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New GM for last-place baseball club stresses 'process'

All Headlines 10:01 September 05, 2019

BUSAN, Sept. 5 (Yonhap) -- He spent the past several years working for a boss who emphasized the importance of the process. And now Sung Min-kyu, the former Chicago Cubs scout named the new general manager of the worst team in South Korean baseball this year, wants to instill the same culture in his new club.

The Lotte Giants of the Korea Baseball Organization (KBO) hired Sung as their general manager on Tuesday, tasking him with turning around a proud franchise stuck in last place in 2019. Sung had been in the Cubs organization for more than a decade, most recently as the Pacific Rim scouting supervisor and special assignment professional scout.

Sung Min-kyu, new general manager of the Lotte Giants, speaks to reporters at Sajik Stadium in Busan, 450 kilometers southeast of Seoul, on Sept. 4, 2019. (Yonhap)

In 2011, Sung started working under Theo Epstein as the Cubs' new president of baseball operations. A prominent figure in the new generation of data-driven baseball executives, Epstein oversaw the Boston Red Sox's first World Series title in 86 years in 2004 and ended the Cubs' World Series drought at 108 years in 2016.

Epstein is credited with coining the phrase, "Trust the process." And in his introductory press conference Wednesday, Sung said he is a firm believer in the same idea.

"My baseball philosophy is all about the process," Sung told reporters Wednesday evening at the Giants' home, Sajik Stadium in Busan, 450 kilometers southeast of Seoul. "Everything needs a process. And once we establish that, we'll be able to stay on the right course."

The Giants are being managed by interim boss Kong Pill-sung, former bench coach who replaced Yang Sang-moon in July. In the team's search for a new full-time skipper, Sung reiterated that the process will be the key.

"We have to figure out what type of club we have on the field, and then decide who would fit the bill," Sung said. "If people tell me, 'Let's just hire this man,' then it's going to run counter to my process."

Sung called himself a "devotee" of sabermetrics, the analysis of baseball statistics, and said he was able to move up the ladder in the Cubs' front office because of his knowledge of data. But that doesn't mean the new Lotte manager has to be an analytics-savvy type.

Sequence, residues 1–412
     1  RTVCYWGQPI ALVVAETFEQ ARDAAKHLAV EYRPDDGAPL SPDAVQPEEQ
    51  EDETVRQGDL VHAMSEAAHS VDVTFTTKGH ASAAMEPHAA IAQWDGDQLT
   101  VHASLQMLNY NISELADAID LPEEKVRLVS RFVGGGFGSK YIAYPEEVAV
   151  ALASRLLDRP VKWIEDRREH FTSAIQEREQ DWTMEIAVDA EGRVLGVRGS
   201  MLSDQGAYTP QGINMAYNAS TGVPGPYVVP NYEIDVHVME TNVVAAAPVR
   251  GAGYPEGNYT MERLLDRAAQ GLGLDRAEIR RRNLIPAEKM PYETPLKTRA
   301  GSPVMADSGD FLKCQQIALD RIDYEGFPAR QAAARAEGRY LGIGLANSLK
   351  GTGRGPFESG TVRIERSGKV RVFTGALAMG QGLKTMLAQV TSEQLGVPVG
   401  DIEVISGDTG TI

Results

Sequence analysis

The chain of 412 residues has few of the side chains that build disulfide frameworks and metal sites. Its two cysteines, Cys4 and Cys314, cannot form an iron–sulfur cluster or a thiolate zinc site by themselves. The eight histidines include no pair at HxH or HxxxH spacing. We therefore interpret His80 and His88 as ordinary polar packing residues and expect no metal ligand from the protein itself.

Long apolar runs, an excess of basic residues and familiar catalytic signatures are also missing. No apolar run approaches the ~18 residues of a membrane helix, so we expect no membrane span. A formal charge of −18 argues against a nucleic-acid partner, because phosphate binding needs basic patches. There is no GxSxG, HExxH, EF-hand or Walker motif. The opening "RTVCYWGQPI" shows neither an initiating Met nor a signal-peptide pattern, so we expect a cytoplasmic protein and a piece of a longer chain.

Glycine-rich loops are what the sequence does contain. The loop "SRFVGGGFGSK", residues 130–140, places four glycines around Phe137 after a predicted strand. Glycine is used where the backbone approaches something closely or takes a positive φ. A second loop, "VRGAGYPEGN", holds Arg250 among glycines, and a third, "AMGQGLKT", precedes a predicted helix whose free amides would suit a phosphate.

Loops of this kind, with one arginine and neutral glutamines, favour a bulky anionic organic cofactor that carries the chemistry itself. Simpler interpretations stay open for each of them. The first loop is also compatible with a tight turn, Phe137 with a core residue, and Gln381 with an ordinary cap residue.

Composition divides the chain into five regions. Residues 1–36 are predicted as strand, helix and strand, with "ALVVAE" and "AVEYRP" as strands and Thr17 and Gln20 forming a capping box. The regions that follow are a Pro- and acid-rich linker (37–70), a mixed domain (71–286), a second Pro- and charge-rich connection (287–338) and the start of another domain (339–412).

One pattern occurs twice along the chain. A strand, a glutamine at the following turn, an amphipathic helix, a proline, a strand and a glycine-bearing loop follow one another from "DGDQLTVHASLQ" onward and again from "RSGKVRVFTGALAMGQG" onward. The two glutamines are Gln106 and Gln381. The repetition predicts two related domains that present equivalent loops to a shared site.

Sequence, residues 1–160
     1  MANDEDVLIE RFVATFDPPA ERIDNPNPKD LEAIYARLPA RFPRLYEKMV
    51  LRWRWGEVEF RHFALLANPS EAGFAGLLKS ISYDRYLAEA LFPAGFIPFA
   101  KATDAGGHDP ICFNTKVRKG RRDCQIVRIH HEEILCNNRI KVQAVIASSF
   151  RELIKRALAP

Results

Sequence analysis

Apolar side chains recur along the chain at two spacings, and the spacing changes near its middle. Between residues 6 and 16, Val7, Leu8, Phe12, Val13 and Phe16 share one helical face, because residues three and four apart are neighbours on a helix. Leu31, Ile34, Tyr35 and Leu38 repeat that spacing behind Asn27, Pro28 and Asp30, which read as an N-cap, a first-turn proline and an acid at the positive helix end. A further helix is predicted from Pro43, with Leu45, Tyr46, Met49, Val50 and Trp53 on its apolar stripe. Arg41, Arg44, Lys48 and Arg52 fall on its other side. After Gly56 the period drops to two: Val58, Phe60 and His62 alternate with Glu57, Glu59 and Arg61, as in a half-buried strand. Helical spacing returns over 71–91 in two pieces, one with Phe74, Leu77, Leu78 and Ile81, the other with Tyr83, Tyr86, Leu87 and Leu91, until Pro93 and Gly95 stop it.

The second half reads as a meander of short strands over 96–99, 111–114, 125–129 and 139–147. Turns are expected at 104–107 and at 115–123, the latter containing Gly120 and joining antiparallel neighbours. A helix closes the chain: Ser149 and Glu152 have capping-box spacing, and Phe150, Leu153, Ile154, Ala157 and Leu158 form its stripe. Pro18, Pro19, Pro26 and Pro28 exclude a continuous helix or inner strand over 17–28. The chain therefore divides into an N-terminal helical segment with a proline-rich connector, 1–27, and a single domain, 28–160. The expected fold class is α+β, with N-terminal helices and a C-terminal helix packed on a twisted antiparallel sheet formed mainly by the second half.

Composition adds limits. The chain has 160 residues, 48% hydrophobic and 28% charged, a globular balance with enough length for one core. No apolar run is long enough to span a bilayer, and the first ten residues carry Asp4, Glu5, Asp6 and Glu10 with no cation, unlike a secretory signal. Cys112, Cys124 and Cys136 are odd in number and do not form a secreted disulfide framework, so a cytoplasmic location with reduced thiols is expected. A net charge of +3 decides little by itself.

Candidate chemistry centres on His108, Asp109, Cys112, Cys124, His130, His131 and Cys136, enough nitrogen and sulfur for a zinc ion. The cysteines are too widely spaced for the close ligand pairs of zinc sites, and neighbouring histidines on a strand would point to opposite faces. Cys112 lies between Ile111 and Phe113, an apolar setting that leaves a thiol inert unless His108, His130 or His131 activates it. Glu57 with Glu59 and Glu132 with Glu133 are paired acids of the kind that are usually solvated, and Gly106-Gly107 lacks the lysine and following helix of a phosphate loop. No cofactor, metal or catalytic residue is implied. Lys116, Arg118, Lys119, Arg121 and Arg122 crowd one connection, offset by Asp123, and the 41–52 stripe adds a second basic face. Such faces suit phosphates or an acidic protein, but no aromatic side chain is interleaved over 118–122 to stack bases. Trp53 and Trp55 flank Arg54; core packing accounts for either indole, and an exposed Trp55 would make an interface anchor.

Sung Min-kyu (L), new general manager of the Lotte Giants, shakes hands with the team's interim manager, Kong Pill-sung, at Sajik Stadium in Busan, 450 kilometers southeast of Seoul, on Sept. 4, 2019. (Yonhap)

"First and foremost, our new manager must be liked and respected by our players," Sung said. "If he can control the club house, then he doesn't have to know all the data. We can just hire an expert in that area."

The Giants entered Wednesday's action at 44-79-3 (wins-losses-ties), the league's worst record by two games. This season is already a lost one for the Giants, which should allow Sung to start planning for the future immediately.

Sung said that during his interview process he told the Giants' executives that he didn't believe in tanking, the practice of purposely losing games to finish near the bottom of the standings and secure high draft picks the following year.

"I don't think tanking or forced rebuilding will work in this league," Sung said. "In the KBO, the top-five teams make the postseason. If I were the manager of a team in sixth or seventh place, I'd want to move up to fifth place. I told the executives that we should try to win as many games as we can and strengthen our minor league."

Sung said the key to what he calls "remodeling" is to create an environment where players can focus only on baseball and surround them with capable coaches.

Sung Min-kyu, new general manager of the Lotte Giants, speaks to reporters at Sajik Stadium in Busan, 450 kilometers southeast of Seoul, on Sept. 4, 2019. (Yonhap)

"If we can set up this process, we may not get the results right away, but we'll become a winning club later on," Sung added. "It's the players, not the front office, that play the game. My job is to build a process that allows us to draft well and sign good foreign players and free agents."

Sung, at 37, is the youngest general manager in the KBO. He also has an unusual background as a former U.S. minor league player, minor league coach and major league scout.

Sung said he doesn't feel any added burden just because he's different from others, adding, "Since I was a kid, I've always liked going on a path that others haven't gone before."

He said, "I want to make sure that I stay humble and grounded, and that I won't come across as being arrogant."

jeeho@yna.co.kr
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